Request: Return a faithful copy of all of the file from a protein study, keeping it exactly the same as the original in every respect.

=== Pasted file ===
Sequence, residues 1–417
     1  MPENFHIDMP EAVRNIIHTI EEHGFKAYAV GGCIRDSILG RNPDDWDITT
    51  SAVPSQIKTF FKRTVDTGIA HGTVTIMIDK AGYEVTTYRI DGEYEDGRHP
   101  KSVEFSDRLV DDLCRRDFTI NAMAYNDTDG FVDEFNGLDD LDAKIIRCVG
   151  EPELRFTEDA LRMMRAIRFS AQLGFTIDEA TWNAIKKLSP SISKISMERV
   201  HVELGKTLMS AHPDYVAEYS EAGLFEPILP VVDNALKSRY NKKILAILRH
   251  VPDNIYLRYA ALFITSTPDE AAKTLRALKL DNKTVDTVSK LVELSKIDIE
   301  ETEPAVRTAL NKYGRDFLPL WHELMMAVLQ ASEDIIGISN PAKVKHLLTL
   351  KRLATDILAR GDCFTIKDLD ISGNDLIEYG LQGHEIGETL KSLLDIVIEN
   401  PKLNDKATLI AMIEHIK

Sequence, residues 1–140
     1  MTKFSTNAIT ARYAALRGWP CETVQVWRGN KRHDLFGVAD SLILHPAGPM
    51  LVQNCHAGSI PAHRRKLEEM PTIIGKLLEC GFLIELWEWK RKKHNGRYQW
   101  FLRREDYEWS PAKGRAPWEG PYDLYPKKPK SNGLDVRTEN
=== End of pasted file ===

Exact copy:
Sequence, residues 1–417
     1  MPENFHIDMP EAVRNIIHTI EEHGFKAYAV GGCIRDSILG RNPDDWDITT
    51  SAVPSQIKTF FKRTVDTGIA HGTVTIMIDK AGYEVTTYRI DGEYEDGRHP
   101  KSVEFSDRLV DDLCRRDFTI NAMAYNDTDG FVDEFNGLDD LDAKIIRCVG
   151  EPELRFTEDA LRMMRAIRFS AQLGFTIDEA TWNAIKKLSP SISKISMERV
   201  HVELGKTLMS AHPDYVAEYS EAGLFEPILP VVDNALKSRY NKKILAILRH
   251  VPDNIYLRYA ALFITSTPDE AAKTLRALKL DNKTVDTVSK LVELSKIDIE
   301  ETEPAVRTAL NKYGRDFLPL WHELMMAVLQ ASEDIIGISN PAKVKHLLTL
   351  KRLATDILAR GDCFTIKDLD ISGNDLIEYG LQGHEIGETL KSLLDIVIEN
   401  PKLNDKATLI AMIEHIK

Sequence, residues 1–140
     1  MTKFSTNAIT ARYAALRGWP CETVQVWRGN KRHDLFGVAD SLILHPAGPM
    51  LVQNCHAGSI PAHRRKLEEM PTIIGKLLEC GFLIELWEWK RKKHNGRYQW
   101  FLRREDYEWS PAKGRAPWEG PYDLYPKKPK SNGLDVRTEN